In addition, most labs have standard practices to avoid identifying known-substances as a false positive in follow-up GC-MS testing. For example, most labs can differentiate between opiates in the blood because of poppy seed consumption and opiates because of opiate usage based on cycle count and volume in the blood which holds true unless you were to eat more than a pound of poppy seeds over the course of a few days before your drug test.

What if your GC-MS Test Comes Up Positive?

Drug testing has become increasingly more accurate over the past few years, with estimated false-positives dropping from 10-15% to less than 1.75%. In fact, most false positives include other illicit drugs. For example, 50-90% of all false-positive amphetamine tests eventually showed MDMA in the blood. As a result, modern GC-MS tests have almost a zero chance of a false positive. If you haven’t taken any drugs and have come up positive on a GC-MS drug test, your best option is to request a second opinion and to submit a full list of the prescription medications you may be on. This situation is unlikely and typically relates to human rather than instrument error but is possible.

If a family member has come up positive you should question their habits and potential drug use. Addicts will often lie to cover up their abuse. While it’s important to show trust, chances are that if they have come up positive after a GC-MS, they are using or have used in the past. If their drug test report aligns with recent (or even old) changes in behavior, reckless behavior, substance abuse, isolation, lack of money, or physical signs of drug abuse or addiction, it may be important to seek out help.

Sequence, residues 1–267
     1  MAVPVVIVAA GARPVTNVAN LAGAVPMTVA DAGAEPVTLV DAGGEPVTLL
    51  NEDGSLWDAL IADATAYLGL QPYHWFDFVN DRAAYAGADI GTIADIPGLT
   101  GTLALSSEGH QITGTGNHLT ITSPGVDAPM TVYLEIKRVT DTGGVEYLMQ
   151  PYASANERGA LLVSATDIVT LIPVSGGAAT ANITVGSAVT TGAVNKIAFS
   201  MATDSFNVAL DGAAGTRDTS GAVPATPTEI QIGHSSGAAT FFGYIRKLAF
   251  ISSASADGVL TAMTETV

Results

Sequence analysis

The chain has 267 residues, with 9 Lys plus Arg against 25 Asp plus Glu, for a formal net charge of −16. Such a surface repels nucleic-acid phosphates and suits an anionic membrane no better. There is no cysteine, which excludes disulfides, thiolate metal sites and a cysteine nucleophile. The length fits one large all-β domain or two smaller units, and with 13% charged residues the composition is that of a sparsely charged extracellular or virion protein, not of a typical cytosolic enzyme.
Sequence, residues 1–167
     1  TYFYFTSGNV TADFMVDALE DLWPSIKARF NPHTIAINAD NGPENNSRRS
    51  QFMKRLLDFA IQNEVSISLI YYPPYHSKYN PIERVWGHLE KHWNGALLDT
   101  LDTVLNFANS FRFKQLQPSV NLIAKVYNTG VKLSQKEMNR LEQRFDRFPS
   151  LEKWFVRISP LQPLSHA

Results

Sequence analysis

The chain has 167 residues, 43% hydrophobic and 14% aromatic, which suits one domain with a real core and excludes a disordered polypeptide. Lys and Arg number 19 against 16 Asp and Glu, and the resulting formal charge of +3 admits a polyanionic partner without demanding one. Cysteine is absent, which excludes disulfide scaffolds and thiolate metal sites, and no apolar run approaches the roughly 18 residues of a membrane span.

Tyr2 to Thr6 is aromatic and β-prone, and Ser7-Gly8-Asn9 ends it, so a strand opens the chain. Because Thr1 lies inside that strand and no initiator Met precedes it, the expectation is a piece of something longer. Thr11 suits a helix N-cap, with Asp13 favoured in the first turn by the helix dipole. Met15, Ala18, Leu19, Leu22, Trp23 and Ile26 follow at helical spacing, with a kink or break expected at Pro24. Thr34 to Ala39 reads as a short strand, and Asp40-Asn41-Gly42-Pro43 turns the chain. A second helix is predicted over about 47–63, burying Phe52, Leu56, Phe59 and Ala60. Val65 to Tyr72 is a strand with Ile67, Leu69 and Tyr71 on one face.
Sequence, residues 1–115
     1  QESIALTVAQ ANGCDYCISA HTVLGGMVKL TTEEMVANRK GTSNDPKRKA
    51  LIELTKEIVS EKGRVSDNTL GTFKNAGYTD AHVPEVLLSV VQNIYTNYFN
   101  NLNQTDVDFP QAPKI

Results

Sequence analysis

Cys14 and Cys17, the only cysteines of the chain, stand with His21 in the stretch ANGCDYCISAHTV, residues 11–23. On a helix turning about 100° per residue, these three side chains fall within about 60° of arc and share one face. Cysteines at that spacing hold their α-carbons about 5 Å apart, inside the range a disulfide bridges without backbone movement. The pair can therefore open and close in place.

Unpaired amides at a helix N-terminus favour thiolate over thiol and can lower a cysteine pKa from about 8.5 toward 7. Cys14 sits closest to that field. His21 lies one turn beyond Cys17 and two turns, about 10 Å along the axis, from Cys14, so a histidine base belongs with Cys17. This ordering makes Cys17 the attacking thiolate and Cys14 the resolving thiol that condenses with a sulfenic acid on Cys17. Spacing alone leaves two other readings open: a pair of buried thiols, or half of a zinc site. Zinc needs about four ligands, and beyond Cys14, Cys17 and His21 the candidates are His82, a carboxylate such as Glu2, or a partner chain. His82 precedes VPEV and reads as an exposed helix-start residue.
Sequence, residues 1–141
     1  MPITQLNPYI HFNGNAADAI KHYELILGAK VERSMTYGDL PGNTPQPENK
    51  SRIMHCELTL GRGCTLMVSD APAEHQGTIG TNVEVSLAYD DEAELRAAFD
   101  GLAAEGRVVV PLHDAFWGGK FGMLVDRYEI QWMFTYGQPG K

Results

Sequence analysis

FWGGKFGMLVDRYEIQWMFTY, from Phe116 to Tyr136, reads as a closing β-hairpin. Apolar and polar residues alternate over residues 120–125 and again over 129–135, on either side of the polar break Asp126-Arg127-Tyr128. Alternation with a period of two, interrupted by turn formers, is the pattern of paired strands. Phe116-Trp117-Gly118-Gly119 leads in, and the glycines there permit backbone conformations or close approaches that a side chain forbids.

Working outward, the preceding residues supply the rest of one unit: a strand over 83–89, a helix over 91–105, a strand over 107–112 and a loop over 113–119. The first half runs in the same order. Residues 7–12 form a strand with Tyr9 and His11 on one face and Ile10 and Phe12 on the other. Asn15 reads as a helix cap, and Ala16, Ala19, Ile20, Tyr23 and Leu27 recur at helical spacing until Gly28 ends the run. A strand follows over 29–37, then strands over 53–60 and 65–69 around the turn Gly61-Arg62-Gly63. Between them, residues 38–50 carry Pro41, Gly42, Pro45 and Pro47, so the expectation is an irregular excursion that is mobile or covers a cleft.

If you or a loved one is facing a drug test, it’s important to be honest with yourself and with others. You may lose your job, academic position, or face shame in your community for coming up positive on a drug test, but there is no shame in asking for help. Most workplaces offer programs to protect and support individuals seeking rehabilitation. If you do so, you and your job are protected by law under the Family and Medical Leave Act and under the Patient Protection and Affordable Care Act. If you seek out treatment before your drug test, these regulations will protect you unless your employer can prove you used at work.

If you don’t use and you have a positive result on your test, it’s simple to ask for a confirmation test. Chances are, your employer is required to do so by local or federal law so you might not have to ask. If both tests come up positive, there are a variety of ways you can request a second opinion, submit additional evidence to the contrary, and work to change the result of the test. Unfortunately, you won’t likely be able to go in for follow-up testing for many drugs, unless you are using hair or nail samples.

If you or your loved-one needs help, please contact South Coast Counselling at 1-844-330-0096 and speak with one of our experienced treatment advisors today in complete confidence.